Yes even though they closed the tunnel and you got through that’s not always the best thing…they don’t close that tunnel lightly, usually it’s for very good reasons. And that is quite the grade after it (on either side).
I too was wondering about the “we”. Of course it means that someone had to ride in the back seat for the return trip. Now the back seat in a 2door Wrangler is NOT the place to be for any length of time, especially with a soft top.
The attendant in the gas station was surprised that we got thru (so was I).
The back seat in a Wrangler is spacious and comfortable compared to a CJ7.
My brother didn’t make the trip all the way back to the east coast. We stuck him on a Frontier Airlines flight out of Denver. One day in that back seat was more then enough even for a teenager.
That’s good (and you are right about the Wrangler vs CJ, but still…)
Although flying Frontier these days, well, maybe the back seat of that CJ all of a sudden starts looking pretty good comparatively.. 🙂
Wow! This reminds me of the bare-bones 1985 CJ-7 that I used for transportation when I spent the summer at my parent’s house in Winnie, Texas during the summer of 1986. It was a basic (only option being the soft top) CJ, tan w/skinny tires and white steel wheels. Under the hood was the carbureted AMC 2.5 hooked up to a 4-speed manual. It had been bought by my younger brother, but he decided to default on paying for it, so mom & dad took over payments and it became a spare vehicle.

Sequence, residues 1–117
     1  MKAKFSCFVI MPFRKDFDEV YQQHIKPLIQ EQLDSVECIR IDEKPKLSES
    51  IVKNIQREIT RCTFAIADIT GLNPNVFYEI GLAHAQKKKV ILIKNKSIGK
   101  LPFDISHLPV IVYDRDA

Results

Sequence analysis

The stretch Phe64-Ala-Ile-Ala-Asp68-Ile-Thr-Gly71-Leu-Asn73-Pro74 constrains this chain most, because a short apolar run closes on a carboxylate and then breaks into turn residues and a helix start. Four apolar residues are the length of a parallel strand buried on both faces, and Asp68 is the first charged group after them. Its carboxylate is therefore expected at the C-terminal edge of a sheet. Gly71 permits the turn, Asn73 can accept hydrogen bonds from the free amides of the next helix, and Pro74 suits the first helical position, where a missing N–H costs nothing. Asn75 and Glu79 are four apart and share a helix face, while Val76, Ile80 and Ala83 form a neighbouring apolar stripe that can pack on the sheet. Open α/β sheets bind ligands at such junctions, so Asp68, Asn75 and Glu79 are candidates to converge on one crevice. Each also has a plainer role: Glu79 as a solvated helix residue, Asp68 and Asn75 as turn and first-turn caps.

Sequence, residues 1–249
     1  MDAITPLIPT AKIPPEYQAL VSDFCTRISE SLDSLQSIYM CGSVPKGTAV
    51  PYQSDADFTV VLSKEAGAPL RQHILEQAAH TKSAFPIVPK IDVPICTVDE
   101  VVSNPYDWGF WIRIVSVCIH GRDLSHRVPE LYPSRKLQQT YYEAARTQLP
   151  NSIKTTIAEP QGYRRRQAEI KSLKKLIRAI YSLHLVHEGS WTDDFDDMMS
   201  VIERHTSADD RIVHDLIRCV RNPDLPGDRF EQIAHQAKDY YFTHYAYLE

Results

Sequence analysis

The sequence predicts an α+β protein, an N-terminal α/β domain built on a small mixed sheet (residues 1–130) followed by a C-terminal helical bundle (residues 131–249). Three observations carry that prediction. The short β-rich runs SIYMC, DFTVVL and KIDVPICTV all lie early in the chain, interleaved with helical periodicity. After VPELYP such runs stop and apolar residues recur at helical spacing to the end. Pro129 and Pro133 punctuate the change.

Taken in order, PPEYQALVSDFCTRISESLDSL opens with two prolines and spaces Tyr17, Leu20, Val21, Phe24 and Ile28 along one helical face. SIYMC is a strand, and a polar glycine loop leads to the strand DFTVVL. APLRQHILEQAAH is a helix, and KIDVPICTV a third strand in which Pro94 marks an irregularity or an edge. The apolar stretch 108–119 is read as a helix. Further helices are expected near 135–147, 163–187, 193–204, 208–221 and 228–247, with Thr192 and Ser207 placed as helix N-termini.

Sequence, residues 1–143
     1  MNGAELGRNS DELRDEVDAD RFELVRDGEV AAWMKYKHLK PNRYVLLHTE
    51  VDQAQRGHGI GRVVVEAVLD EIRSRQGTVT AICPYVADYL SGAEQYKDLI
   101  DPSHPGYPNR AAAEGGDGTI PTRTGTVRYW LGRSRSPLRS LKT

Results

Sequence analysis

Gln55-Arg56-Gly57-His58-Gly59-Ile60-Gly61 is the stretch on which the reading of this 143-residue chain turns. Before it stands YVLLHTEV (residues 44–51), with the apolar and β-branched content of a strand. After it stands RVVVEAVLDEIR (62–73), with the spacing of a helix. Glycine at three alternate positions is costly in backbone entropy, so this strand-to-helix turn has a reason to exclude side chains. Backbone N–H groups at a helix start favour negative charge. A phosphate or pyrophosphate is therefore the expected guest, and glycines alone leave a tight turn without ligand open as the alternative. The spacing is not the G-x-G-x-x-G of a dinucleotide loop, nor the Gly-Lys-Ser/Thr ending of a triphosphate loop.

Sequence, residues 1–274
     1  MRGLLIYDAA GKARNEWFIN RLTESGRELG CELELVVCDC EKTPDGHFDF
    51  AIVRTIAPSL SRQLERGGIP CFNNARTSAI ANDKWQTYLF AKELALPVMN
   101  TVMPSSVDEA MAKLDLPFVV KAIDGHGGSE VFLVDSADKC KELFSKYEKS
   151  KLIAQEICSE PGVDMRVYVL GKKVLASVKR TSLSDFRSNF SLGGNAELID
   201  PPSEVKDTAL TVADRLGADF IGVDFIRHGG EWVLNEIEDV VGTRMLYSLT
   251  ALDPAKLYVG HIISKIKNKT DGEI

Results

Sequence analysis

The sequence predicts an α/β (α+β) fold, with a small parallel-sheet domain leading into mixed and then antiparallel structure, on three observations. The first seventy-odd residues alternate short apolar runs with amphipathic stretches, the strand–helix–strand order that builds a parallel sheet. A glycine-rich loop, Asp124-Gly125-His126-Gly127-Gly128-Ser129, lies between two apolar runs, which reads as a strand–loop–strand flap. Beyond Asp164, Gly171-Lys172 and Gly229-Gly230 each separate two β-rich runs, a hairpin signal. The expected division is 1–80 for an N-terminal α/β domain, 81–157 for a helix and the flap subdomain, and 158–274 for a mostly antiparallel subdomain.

I found myself at my parent’s doorstep that summer after a job co-driving a semi went sideways and I decided I wanted out (i lived-and still live-in Washington state). I thought I could try to find work in Texas and my parents let me use the CJ as my mode of transportation (sadly-the petrochemical industry was on a downswing at the time, so no luck there).